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Consumer Privacy and Data Protection Laws: Recent Traction

By April 15, 2022April 20th, 2022No Comments

Increasingly, compliance with privacy and data protection laws is a top priority for businesses.  That priority is underscored by a March 15, 2022, federal law [the “Cyber Incident Reporting for Critical Infrastructure Act of 2022 (“CIRCIA”). CIRCIA may be found in Division Y of H.R. 2471, known as the Consolidated Appropriations Act of 2022.    

CIRCIA requires “Covered Entities” to report cybersecurity incidents and ransom payments to the Department of Homeland Security (“DHS”).  Incidents must be reported within 72 hours.  Ransom payments must be reported within 24 hours. CIRCIA requires DHS’ Critical Infrastructure Security Agency (“CISA”) to adopt regulations which identify which organizations are “covered entities, and to what agency will receive these reports; most likely CISA and/or the FBI. Covered Entities are also required to preserve [to-be-defined-in rulemaking] “relevant data.” 

Most states have passed consumer privacy and data protection legislation that grants state regulators authority to bring enforcement actions against such businesses. Failure to comply can result in steep fines. 

Additionally, the Federal Trade Commission (“FTC”) uses its authority under the FTC Act to bring legal action against organizations for violation of consumers’ privacy rights or failure to maintain the security of sensitive consumer information. As the rate of data security breaches increases, so has the expansion of federal and state laws and regulations. In a further complication, insurers, car dealers, and other businesses with state licenses have their own industry-specific consumer data protection laws. 

The Federal Trade Commission: Two Data Protection Laws

The FTC Act

The FTC applies its consumer protection law, the FTC Act, to business practices that affect consumers’ privacy and data security; the Act prohibits unfair or deceptive practices. For example, a business that fails to safeguard a consumer’s personal information or makes material changes to its privacy policies without notifying consumers violates the Act. The FTC has sued businesses over violations of the Act, winning monetary damages and injunctive relief, such as requiring the defendant to implement a comprehensive security program to protect consumer information.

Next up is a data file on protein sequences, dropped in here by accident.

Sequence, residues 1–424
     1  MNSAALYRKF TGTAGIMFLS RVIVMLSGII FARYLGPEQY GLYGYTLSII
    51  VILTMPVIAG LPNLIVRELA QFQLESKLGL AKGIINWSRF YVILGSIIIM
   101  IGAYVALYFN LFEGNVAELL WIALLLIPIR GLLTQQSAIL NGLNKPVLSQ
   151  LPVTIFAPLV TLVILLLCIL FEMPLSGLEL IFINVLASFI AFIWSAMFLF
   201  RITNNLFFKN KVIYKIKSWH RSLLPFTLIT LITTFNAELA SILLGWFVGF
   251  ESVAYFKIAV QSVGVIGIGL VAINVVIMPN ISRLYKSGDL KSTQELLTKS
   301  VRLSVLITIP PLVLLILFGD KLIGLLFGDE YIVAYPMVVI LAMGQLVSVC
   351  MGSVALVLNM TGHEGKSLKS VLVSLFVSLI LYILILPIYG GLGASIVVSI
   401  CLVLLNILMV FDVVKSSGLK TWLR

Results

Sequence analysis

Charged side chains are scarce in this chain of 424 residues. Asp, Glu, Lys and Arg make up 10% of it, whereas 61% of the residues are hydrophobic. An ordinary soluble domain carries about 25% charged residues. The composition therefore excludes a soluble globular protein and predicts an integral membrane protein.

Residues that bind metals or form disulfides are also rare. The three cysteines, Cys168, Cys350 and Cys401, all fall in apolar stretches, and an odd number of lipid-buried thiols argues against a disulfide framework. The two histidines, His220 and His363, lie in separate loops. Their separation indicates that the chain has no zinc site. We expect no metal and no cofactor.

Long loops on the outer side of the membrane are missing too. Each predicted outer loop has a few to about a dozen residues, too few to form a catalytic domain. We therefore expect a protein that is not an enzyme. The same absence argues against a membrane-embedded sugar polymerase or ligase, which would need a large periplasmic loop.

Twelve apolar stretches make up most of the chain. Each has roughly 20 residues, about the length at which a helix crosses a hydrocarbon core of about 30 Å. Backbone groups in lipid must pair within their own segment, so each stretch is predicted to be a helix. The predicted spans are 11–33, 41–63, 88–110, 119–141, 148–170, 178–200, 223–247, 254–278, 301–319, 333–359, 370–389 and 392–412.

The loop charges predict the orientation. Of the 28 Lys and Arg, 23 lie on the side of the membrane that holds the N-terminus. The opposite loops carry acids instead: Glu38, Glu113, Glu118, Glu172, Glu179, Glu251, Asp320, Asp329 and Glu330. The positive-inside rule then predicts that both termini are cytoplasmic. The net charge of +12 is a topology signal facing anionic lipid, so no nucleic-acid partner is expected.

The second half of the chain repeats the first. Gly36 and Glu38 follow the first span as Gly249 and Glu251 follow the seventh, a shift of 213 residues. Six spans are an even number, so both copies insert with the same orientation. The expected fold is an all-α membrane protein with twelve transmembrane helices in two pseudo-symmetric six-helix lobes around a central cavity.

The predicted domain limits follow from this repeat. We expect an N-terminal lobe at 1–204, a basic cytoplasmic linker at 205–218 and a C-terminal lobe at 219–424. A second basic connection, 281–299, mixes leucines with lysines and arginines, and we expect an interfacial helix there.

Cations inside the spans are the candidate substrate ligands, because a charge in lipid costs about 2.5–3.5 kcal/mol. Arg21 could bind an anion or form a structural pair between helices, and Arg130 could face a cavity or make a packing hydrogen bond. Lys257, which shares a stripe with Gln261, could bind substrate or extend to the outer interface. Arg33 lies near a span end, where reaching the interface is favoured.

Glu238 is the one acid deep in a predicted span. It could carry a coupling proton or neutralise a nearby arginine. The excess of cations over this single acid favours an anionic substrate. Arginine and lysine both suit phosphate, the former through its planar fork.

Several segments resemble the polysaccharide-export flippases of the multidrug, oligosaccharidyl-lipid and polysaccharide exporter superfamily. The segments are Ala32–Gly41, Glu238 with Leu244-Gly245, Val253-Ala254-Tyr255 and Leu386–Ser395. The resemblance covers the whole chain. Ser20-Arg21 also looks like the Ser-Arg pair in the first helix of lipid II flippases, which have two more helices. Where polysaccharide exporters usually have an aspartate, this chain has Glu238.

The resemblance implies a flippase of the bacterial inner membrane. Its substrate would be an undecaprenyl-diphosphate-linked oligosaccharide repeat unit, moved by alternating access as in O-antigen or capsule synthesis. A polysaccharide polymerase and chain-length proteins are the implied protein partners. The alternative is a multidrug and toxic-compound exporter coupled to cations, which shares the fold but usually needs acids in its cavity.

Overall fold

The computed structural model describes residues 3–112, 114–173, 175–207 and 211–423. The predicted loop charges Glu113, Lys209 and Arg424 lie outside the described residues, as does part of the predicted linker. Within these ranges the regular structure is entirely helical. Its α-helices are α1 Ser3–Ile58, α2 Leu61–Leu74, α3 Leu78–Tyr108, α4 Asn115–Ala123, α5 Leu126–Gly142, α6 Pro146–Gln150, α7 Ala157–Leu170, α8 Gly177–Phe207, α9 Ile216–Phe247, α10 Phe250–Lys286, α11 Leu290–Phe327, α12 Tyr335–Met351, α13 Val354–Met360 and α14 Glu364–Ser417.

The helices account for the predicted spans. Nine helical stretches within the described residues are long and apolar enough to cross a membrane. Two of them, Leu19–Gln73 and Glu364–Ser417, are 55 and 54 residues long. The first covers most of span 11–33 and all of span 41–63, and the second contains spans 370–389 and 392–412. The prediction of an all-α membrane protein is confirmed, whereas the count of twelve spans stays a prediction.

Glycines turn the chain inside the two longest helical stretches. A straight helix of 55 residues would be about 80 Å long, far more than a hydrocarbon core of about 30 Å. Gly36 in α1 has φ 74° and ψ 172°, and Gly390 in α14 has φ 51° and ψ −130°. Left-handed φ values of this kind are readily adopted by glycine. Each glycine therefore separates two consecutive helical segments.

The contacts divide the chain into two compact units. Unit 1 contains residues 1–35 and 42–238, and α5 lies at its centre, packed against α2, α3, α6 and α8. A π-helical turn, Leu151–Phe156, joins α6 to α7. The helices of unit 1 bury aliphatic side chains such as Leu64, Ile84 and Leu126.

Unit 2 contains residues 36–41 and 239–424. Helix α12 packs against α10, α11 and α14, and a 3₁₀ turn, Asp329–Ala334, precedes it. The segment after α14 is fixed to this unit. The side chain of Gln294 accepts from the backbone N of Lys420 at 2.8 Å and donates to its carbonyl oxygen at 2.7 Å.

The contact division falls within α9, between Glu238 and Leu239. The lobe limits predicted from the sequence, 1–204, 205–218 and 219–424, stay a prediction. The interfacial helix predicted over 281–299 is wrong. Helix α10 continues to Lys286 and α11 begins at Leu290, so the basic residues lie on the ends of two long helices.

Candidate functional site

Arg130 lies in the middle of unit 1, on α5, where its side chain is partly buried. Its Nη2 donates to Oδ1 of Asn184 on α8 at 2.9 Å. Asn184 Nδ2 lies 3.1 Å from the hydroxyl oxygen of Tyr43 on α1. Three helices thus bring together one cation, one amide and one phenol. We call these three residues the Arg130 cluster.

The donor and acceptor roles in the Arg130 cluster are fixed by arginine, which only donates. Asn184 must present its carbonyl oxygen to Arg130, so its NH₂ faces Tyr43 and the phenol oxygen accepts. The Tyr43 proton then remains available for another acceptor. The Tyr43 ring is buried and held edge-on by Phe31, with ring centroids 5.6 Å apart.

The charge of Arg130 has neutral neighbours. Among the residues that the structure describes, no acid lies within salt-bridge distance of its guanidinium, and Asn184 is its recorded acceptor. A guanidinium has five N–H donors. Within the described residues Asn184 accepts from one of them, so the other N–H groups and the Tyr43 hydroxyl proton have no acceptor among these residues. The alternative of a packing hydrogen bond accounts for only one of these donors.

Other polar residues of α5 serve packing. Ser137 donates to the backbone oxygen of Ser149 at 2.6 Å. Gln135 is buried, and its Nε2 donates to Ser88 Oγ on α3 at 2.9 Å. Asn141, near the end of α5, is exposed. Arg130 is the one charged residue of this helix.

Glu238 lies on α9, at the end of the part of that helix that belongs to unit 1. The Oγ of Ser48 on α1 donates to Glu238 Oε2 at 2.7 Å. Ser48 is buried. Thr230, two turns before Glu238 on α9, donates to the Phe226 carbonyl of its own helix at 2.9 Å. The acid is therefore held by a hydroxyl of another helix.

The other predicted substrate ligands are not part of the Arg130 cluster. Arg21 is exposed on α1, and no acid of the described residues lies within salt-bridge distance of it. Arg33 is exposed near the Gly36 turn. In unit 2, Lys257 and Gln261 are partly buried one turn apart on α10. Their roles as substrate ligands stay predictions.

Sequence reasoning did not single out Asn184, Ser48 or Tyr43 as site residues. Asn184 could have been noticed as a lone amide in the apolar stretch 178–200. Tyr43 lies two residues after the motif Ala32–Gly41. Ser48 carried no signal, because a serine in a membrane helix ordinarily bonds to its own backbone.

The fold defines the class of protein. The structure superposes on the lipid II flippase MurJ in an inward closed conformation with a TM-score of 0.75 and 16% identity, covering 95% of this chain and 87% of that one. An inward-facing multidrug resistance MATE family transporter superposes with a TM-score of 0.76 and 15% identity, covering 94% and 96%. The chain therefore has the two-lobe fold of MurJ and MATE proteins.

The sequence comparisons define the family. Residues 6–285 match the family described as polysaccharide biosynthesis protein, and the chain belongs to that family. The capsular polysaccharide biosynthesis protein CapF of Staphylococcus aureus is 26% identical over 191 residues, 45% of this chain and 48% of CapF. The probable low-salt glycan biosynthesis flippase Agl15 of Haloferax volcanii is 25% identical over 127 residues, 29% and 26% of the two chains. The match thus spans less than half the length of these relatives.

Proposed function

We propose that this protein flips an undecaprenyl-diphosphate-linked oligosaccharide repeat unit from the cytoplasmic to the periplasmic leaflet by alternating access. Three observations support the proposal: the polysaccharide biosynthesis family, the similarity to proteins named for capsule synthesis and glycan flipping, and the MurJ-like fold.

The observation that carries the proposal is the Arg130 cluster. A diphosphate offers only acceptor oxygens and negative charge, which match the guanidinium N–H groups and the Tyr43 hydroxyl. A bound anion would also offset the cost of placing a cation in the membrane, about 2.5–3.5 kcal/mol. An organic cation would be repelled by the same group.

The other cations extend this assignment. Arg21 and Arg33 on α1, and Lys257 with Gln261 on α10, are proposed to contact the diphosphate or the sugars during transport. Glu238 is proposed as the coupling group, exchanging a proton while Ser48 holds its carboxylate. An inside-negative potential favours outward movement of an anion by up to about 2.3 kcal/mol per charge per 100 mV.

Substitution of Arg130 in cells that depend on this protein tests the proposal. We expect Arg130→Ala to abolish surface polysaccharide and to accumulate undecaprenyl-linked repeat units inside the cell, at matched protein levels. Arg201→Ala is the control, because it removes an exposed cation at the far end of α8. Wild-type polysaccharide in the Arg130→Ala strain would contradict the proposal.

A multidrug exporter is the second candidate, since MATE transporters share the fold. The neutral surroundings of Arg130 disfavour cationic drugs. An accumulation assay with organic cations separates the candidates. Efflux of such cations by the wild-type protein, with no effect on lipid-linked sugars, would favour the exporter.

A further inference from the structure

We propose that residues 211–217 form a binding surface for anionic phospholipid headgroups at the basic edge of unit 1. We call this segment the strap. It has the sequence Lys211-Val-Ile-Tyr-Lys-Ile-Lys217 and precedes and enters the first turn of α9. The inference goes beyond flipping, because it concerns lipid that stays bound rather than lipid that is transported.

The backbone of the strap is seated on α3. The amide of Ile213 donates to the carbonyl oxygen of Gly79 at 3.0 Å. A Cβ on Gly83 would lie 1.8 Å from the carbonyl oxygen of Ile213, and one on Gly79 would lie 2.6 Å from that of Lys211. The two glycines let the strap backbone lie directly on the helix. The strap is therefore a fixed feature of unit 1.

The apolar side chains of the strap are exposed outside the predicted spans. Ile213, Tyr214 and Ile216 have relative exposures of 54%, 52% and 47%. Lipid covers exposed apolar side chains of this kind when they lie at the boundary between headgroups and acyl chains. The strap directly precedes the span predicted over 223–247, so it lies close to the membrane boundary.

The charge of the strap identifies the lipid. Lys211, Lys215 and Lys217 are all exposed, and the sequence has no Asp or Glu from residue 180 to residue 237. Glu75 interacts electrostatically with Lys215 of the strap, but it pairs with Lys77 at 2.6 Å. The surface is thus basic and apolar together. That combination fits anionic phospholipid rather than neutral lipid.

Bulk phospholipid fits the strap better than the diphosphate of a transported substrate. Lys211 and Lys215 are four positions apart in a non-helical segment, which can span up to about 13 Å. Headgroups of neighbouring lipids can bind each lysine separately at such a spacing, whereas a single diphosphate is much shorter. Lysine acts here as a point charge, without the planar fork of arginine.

The Gramm-Leach-Bliley Act

Enacted more than 20 years ago, the FTC’s Gramm-Leach-Bliley Act requires regulations that protect the financial privacy of consumers who share sensitive financial information with the various market and bank regulators, ranging from many auto dealers that engage in financing business to the Federal Reserve. The Act regulates the collection, use, protection, and disclosure of non-public personal financial information. It includes requirements for notices of privacy practices, as well as options for customers and consumers to opt-out of use and disclosure of personal information in certain circumstances, and businesses must have a data security program. Penalties for violating Gramm-Leach-Bliley include civil monetary penalties and, in certain circumstances, enhanced criminal penalties and fines and imprisonment. Multiple federal regulators, as well as state insurance agencies, enforce Gramm-Leach-Bliley.  

In many cases, a security breach triggers the FTC to file a complaint against one of the financial companies it monitors for violations of Gramm-Leach-Bliley. For example, the FTC brought a case against LightYear Dealer Technologies, LLC, which develops and sells a management system for auto dealers. The FTC claimed that several security failures by LightYear left its backup database vulnerable to hackers, who gained access to the unencrypted personal information of millions of consumers. The 2019 consent agreement included requirements that LightYear implement and maintain a comprehensive information security program, have its information security program assessed every two years, and have a senior corporate manager oversee its information security program and certify compliance annually.   

 A Sample of Privacy and Data Protection Laws in Four States

California

Under the landmark CA Privacy Act, consumers have more control over the personal information large for-profit businesses collect. Requirements of the Act include the following: